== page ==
Let me be the first to point out the obvious: travel = reading. Anyone who has gone on a road trip, found themselves aboard an airplane, dog sledded through Alaska, or used pretty much any other form of transportation, will tell you that reading is a necessary vice to make it to your point of arrival. Whether the material of choice is Sky Mall, the latest issue of Cosmo, a newspaper, a wireless reading device, or even just a good old-fashioned >gasp!< book, we all know it to be true that the time-tested ritual is necessary. With this in mind, I planned to put a major dent in my personal library, not only during our 4-day road trip, but over the next three weeks in our temporary abode as well. Within the first two hours of moving van takeover, I walked into my room only to find that my entire collection of books had been boxed away, including the book I was right in the middle of reading (“The Shack”), which happened to be on my bed. This still angers me immensely.Luckily, my trusty Kindle was safe from the ambush and has since served as my only way of connecting to the world of fantastical seclusion also known as literature. As I mentioned before in one of my video blogs, I already read “The Help” by Kathryn Stockett and “The Happiness Project” by Gretchen Rubin (for more on those, check out my Video Blog page). I did decide to drop “Brave New World”, but I do plan to finish it at a different time. Since then, I have conquered two books using my Kindle.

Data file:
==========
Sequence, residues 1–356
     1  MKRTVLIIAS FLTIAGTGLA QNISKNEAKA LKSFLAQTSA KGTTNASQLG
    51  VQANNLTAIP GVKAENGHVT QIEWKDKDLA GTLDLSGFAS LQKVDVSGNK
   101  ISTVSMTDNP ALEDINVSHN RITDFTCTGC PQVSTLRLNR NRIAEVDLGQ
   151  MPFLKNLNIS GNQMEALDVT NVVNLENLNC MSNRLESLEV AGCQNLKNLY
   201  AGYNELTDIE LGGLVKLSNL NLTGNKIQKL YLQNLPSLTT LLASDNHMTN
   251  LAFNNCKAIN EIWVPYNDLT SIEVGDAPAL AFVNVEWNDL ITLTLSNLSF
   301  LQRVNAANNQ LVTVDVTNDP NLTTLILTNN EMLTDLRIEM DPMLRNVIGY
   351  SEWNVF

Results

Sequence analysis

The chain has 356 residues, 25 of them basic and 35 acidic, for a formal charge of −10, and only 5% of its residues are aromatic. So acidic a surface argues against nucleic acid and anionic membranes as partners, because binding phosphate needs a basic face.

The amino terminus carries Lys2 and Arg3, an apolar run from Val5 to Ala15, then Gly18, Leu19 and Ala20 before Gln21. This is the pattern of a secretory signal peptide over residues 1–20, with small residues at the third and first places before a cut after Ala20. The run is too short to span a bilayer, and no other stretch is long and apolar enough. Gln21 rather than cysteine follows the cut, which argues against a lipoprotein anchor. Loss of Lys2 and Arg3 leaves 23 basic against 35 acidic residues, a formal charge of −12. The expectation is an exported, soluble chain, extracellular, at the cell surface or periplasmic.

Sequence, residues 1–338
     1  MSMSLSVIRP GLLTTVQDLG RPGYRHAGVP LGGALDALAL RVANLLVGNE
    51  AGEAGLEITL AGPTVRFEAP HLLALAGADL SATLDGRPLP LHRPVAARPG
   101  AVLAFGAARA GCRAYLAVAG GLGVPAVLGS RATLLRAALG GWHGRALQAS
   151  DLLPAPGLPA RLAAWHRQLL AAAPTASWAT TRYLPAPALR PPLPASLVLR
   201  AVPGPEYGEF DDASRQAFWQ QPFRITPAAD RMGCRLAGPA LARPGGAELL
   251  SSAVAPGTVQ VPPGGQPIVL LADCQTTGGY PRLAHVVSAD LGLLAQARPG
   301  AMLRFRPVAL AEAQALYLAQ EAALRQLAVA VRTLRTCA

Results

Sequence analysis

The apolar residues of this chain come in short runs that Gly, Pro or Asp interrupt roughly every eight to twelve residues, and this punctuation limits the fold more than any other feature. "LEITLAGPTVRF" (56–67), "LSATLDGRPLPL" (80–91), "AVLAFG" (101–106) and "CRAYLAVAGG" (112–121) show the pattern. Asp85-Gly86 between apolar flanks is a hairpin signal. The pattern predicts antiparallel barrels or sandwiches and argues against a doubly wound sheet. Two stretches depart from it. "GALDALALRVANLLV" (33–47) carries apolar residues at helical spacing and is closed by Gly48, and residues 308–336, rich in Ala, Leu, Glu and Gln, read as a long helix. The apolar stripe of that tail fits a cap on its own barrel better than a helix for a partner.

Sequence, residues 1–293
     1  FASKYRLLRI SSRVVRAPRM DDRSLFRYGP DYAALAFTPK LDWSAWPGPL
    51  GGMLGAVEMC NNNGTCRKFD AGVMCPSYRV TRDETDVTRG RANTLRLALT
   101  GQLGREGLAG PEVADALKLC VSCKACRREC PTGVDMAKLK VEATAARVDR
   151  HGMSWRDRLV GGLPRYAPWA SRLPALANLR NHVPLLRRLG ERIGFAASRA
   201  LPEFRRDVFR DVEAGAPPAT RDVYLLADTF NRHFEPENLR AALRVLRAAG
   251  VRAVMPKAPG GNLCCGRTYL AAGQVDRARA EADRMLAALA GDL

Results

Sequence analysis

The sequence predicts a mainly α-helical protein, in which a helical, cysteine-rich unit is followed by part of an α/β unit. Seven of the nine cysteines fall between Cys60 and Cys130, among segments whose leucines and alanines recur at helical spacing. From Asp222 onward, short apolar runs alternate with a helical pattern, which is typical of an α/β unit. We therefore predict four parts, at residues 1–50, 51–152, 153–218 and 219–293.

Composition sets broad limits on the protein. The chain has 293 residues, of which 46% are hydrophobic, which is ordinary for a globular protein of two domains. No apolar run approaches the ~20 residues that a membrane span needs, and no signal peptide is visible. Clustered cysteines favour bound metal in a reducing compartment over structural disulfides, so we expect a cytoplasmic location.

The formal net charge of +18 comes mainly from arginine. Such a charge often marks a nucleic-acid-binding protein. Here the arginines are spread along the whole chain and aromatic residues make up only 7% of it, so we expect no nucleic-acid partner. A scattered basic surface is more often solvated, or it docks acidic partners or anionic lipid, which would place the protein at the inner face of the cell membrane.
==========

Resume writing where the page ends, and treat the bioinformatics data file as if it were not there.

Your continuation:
The first was “The Voice of Our Future? A Biography of Jon Stewart” by Jim Nikel. Anyone who has watched my vlogs knows that I’m obsessed with Jon Stewart, almost pushing unhealthily so. However, this book didn’t do him justice. It was a ridiculously easy read, to the point of being childlike. To be honest, I am confident that I could have written a better bio on the man. It wasn’t even fully comprehensive of his life and times, just a highlight of his major television appearances. Overall, definitely not worth the $2.99 I paid for it. Sure, it had some interesting tidbits and plenty of praise, but the lack of analysis was disappointing. Overall, I give it two stars – both for JS.
The book that I just finished (literally, just finished twenty minutes ago) was called “The Geography of Bliss: One Grump’s Search for the Happiest Places in the World” by Eric Weiner. I admit, after reading “The Happiness Project” by Gretchen Rubin, I have been intrigued by the world and studies of what we call “happiness”, but I found this book completely out of the blue. Cutting to the chase, I absolutely loved it! It brought out all of the points that Rubin’s book was missing, most importantly, insight and perspective. Basically, it’s about the author, Weiner (let’s try to be mature here – it’s pronounced like whiner), traveling the world in search of what makes other countries tick in terms of their general well-being. His research takes him to a variance of countries, including Iceland, Thailand, India, Moldova, Bhutan, England, and Switzerland. His accounts are meticulously recorded, down to every first impression and subsequent conversation, no doubt due to his reporting experience as a broadcaster for National Public Radio. He supports his observations extremely well using relevant statistics and research, and actually cites them appropriately. While the whole premise could easily turn overly analyzed, Weiner manages to overcome that by adding the flavor of each culture he visits into his writing. Oh, and did I mention that I got it on sale for $1.99? Overall, this is a terrific book for anyone who loves travel, studying other cultures, or just being/wanting to be happy. It’s definitely not one you’ll want to miss.
…and the truth comes out. I am a huge nerd. I realize this post is utterly drawn out and superfluously processed, but I’ll just blame it on all of that reading I’ve been up to.
Love & Summer,